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This is the preliminary version of a chapter that will appear in the Handbook on Computational Geometry, edited by J.R. Sack and J. Urrutia. A comprehensive overview is given of algorithms and data structures for proximity problems on point sets in IR D . In particular, the closest pair problem, the exact and approximate postoffice problem, and the problem of constructing spanners are discussed in detail. Contents 1 Introduction 1 2 The static closest pair problem 4 2.1 Preliminary remarks . . . . . . . . . . . . . . . . . . . . . . . . . . . . 4 2.2 Algorithms that are optimal in the algebraic computation tree model . 5 2.2.1 An algorithm based on the Voronoi diagram . . . . . . . . . . . 5 2.2.2 A divideandconquer algorithm . . . . . . . . . . . . . . . . . . 5 2.2.3 A plane sweep algorithm . . . . . . . . . . . . . . . . . . . . . . 6 2.3 A deterministic algorithm that uses indirect addressing . . . . . . . . . 7 2.3.1 The degraded grid . . . . . . . . . . . . . . . . . . ...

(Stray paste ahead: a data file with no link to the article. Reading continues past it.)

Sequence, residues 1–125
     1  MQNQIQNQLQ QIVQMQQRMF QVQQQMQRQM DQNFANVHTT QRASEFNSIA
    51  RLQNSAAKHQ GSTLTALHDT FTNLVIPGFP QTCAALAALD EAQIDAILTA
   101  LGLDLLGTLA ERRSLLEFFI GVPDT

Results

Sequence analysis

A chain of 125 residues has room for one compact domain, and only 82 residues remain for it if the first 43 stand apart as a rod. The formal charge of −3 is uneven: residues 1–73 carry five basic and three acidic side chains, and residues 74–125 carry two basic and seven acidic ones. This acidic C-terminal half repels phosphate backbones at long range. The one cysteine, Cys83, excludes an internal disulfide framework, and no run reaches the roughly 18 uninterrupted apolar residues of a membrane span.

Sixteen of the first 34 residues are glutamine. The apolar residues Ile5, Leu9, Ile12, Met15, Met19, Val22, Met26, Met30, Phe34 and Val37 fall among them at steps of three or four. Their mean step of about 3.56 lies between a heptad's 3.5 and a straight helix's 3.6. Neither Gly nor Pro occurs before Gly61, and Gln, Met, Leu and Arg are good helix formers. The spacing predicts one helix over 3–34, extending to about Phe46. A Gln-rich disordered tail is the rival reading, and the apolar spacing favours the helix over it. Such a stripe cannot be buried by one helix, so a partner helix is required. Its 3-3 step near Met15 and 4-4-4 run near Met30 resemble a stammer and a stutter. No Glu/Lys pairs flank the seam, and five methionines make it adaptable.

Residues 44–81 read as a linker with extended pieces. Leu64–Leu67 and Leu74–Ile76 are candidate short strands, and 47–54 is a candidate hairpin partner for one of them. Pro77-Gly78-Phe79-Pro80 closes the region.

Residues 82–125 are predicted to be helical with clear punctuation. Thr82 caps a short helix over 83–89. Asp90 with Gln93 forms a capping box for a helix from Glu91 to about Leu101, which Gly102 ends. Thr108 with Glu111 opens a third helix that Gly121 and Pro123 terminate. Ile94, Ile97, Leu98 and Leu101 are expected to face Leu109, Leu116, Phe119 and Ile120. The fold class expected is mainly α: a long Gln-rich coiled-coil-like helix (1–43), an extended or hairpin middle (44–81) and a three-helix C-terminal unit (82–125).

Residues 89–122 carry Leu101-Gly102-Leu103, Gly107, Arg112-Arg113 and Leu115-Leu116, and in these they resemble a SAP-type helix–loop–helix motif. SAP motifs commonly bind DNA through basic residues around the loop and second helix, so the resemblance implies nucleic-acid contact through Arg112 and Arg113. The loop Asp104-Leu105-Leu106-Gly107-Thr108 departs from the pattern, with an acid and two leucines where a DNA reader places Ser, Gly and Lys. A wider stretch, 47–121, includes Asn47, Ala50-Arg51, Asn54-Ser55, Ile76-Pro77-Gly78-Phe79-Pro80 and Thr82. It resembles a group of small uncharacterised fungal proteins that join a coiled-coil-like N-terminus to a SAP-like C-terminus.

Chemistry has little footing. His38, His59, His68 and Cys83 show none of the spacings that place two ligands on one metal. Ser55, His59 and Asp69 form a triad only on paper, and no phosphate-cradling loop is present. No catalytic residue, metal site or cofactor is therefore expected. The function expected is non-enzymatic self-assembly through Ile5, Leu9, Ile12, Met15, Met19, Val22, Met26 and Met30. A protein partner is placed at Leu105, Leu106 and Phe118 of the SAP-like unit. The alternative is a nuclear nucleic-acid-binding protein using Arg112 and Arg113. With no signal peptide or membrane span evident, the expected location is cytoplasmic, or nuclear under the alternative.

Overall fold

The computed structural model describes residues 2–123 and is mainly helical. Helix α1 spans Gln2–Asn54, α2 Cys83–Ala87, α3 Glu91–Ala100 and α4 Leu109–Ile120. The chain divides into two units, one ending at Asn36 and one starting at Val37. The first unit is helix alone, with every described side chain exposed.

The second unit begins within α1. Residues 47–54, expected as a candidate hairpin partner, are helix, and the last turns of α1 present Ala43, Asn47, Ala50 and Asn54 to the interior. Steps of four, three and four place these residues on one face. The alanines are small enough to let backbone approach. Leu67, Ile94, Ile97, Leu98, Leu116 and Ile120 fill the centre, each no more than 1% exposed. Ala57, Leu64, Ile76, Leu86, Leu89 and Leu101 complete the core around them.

Intersection of Convex Objects in Two and Three Dimensions
, 1987
"... One of the basic geometric operations involves determining whether a pair of convex objects intersect. This problem is well understood in a model of computation in which the objects are given as input and their intersection is returned as output. For many applications, however, it may be assumed tha ..."
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Cited by 51 (3 self)
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One of the basic geometric operations involves determining whether a pair of convex objects intersect. This problem is well understood in a model of computation in which the objects are given as input and their intersection is returned as output. For many applications, however, it may be assumed that the objects already exist within the computer and that the only output desired is a single piece of data giving a common point if the objects intersect or reporting no intersection if they are disjoint. For this problem, none of the previous lower bounds are valid and algorithms are proposed requiring sublinear time for their solution in two and three dimensions.